Aldigé: No, but that’s a great question. I don’t have any rules of thumb. It depends on the company and the sector. For a software name, oftentimes the steady state piece is roughly the current customer base, adjusted for net and gross retention. That’s another way to go about this analysis, especially for businesses where you have a lot of data on customers. This customer-based valuation is applicable to any business, but it’s easier to apply to a subscription recurring revenue business. When you have disclosure around the cohorts, the number of customers, the churn, and customer acquisition costs, you can calculate your lifetime value and all those things. You can then solve for how much of today’s valuation in the share price is that steady state component from the current customer base, and how much is from new customers which might come in the futre. Some businesses will have to invest more to acquire those customers, some less, but there’s a reinvestment component to both of those.
You can disaggregate a bunch of software companies and look at them against each other. Many will have a current steady state piece that’s, say, 20% of their valuation in the share price, and the remaining 80% by implication has to come from new customers. Sometimes, you’ll come across a company where the metrics are so good, the churn so low, the net dollar retention so high, and the customer acquisition costs so low that you may find a scenario where the share price is saying that 70% is the steady state value and only 30% needs to come from new customers. You can think about that relative to the total addressable market and its peers. Every once in a while, you find a company where the market is saying that it will sign up very few new customers, and you’d be shocked because you have a differentiated view on how good the customer growth runway is. I don’t know if that makes any sense. There’s no rule of thumb, but it’s certainly always something interesting to think about.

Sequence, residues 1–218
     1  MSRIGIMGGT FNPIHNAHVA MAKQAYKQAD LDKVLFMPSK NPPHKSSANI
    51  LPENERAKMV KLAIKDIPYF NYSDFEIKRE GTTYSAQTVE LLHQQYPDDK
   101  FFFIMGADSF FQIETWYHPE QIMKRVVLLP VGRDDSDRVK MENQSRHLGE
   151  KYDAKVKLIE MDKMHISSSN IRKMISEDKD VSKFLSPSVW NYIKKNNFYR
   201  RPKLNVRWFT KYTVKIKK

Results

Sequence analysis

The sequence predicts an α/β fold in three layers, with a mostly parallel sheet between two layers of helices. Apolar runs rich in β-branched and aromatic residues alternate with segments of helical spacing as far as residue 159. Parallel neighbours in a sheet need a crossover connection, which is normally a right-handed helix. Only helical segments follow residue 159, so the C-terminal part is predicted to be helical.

MOI: When it comes to subscription-based businesses or recurring revenue businesses, what are some of the key variables you want to look at to understand those unit economics and be able to value the customer relationships, either the existing or future customers?
Aldigé: You’ll want to think about your average revenue per customer across cohorts and your gross margin, as well as what operating expense you need to attach to that, so take away the sales and marketing for new clients and think about what amount of flow through there is for an existing customer – the contribution margin. Then you want to think about the gross churn rate, which is the inverse of your customer retention rate. You also want to think about your ability to upsell an existing customer; either you’re expanding seats or usage within the customer without much associated sales and marketing, or you’re taking up price, or you’re adding already-existing modules for which you can charge more. Then you get to a net dollar retention rate. If you have most of those variables, you can get a good sense of how much the existing customer base is worth.
MOI: Have you found that those types of businesses do a good job with disclosure? Is that something where you run into hurdles? How much of your analysis can you typically base on the company data versus having to dig it up yourself?
Aldigé: It can take a lot of legwork. In the software space, companies know that their investors want to see these metrics, so they’re starting to provide a lot more. They’re providing cohort analysis, churn, and net dollar retention. Obviously, they’re going to paint those numbers in the best possible light. To assume that those retention figures remain as high as they are for a long time in the future is pretty unrealistic, so you have to assume a decent amount of fade in those metrics. On the gross retention metric, a best-in-class company like ServiceNow retains 98% of its customers annually. That’s 2% churn, which implies it retains a customer for 50 years. If that goes up to 99%, it’s 100 years. If it goes down to 97%, that’s 33 years. It’s probably unrealistic to think that 98% figure stays steady and that all of these customers will be around for the next 50 years. You do need to incorporate some degree of fade in those metrics, and we’ll see how the market plays out.